particle-wave duality in quantum mechanics. Standard quantum mechanics is no
longer valid in such frameworks, so that a consistent interpretation of the
experiment would require an alternative formulation of quantum mechanics. As
such an alternative has not been proposed to date, we conclude that the
interpretation of atom interferometers as testing the gravitational redshift is
unsound.Comment: 26 pages. Modified version to appear in Classical and Quantum Gravit

### Donor-donor interaction mediated by cavity-photons and its relation to interactions mediated by excitons and polaritons

I report theoretical predictions of two models of donor-donor indirect
interaction mediated by photons in zero- and two-dimensional cavities. These
results are compared to previously studied cases of indirect interactions
mediated by excitons and/or polaritons in bulk semiconductor and
two-dimensional cavities. I find that photons mediate an Ising-like interaction
between donors in the same manner polaritons do, in contrast to the
Heisenberg-like interaction mediated by exciton. For the particular case of a
two-dimensional cavity, the model shows that the dependence on distance of the
donor-donor coupling constant is the same for photons and polaritons when the
donor-donor distance is large. Then, it becomes clear that photons are
responsible for the long range behavior of the polariton indirect interaction

### General limit to non-destructive optical detection of atoms

We demonstrate that there is a fundamental limit to the sensitivity of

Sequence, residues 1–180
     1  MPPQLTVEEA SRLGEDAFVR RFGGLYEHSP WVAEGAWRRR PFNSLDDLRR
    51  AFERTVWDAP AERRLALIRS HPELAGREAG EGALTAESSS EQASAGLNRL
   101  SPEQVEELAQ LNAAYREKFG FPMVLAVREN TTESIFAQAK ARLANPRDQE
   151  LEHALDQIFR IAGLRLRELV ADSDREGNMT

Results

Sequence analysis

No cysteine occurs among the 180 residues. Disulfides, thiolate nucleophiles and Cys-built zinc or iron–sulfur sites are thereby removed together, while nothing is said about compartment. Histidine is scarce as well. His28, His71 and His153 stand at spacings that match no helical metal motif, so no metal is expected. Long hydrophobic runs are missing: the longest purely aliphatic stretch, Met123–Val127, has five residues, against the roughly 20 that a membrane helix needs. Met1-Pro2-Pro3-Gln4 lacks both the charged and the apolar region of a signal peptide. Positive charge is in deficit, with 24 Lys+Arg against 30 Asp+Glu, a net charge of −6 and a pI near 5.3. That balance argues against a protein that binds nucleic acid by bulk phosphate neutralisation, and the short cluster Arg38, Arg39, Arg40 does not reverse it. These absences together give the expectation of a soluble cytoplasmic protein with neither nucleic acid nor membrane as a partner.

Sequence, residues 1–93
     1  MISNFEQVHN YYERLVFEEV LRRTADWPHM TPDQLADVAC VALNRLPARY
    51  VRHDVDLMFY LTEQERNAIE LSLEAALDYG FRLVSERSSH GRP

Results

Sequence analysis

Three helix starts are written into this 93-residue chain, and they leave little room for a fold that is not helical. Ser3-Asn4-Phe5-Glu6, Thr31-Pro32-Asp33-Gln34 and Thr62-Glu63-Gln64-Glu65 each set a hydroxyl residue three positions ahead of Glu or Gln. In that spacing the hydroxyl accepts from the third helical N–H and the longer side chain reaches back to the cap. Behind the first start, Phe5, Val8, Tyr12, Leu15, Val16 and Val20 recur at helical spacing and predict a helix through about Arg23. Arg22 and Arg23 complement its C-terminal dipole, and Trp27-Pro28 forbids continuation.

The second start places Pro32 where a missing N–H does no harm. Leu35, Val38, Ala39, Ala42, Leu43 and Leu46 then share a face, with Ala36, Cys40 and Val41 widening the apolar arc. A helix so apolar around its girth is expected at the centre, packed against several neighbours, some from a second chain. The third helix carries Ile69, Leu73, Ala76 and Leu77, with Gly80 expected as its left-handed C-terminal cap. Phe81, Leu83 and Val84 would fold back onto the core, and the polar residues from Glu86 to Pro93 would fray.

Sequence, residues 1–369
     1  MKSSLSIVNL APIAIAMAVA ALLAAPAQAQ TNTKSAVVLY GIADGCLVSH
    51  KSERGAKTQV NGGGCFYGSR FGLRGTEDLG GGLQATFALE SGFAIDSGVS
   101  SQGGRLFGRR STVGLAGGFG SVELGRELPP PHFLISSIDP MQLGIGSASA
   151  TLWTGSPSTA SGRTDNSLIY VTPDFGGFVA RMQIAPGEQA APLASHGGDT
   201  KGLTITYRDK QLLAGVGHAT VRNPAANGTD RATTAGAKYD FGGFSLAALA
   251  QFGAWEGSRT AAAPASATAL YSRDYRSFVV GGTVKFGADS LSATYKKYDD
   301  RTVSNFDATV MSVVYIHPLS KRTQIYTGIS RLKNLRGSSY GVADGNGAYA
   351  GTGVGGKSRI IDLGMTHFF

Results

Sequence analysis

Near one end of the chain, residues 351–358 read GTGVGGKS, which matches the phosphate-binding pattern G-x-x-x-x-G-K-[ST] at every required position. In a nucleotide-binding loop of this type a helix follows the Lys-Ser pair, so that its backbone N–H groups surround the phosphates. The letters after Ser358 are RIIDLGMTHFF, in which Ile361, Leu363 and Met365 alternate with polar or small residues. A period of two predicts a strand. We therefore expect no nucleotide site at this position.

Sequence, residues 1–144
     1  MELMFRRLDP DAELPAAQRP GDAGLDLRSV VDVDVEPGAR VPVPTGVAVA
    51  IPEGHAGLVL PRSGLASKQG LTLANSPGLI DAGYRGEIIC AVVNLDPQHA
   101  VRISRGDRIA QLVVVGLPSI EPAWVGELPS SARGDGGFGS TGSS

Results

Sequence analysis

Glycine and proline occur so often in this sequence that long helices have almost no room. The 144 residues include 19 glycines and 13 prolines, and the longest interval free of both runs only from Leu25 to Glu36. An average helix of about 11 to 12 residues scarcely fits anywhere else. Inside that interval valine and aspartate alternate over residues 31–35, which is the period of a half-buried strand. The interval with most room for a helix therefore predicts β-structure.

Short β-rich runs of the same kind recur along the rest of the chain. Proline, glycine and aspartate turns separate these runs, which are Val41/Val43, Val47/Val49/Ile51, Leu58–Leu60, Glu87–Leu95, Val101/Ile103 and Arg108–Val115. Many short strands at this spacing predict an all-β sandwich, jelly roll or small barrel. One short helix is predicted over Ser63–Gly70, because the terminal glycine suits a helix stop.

phase-based detection of atoms with light for a given maximum level of
allowable spontaneous emission. This is a generalisation of previous results
for two-level and three-level atoms. The limit is due to an upper bound on the
phase shift that can be imparted on a laser beam for a given excited state
population. Specifially, we show that no single-pass optical technique using
classical light, based on any number of lasers or coherences between any number
of levels, can exceed the limit imposed by the two-level atom. This puts
significant restrictions on potential non-destructive optical measurement
schemes.Comment: 7 pages, 1 figur

### Twisted-light-induced optical transitions in semiconductors: Free-carrier quantum kinetics

We theoretically investigate the interband transitions and quantum kinetics
induced by light carrying orbital angular momentum, or twisted light, in bulk
semiconductors. We pose the problem in terms of the Heisenberg equations of
motion of the electron populations, and inter- and intra-band coherences. Our
theory extends the free-carrier Semiconductor Bloch Equations to the case of
photo-excitation by twisted light. The theory is formulated using cylindrical
coordinates, which are better suited to describe the interaction with twisted
light than the usual cartesian coordinates used to study regular optical
excitation. We solve the equations of motion in the low excitation regime, and
obtain analytical expressions for the coherences and populations; with these,
we calculate the orbital angular momentum transferred from the light to the
electrons and the paramagnetic and diamagnetic electric current densities.Comment: 11 pages, 3 figure

### Analytical solutions for a two-level system driven by a class of chirped pulses

We present analytical solutions for the problem of a two-level atom driven by
a class of chirped pulses. The solutions are given in terms of Heun functions.
Using appropriate chirping parameters an enhancement of four-orders of
magnitudes in the population transfer is obtained.Comment: 5 pages, 5 figure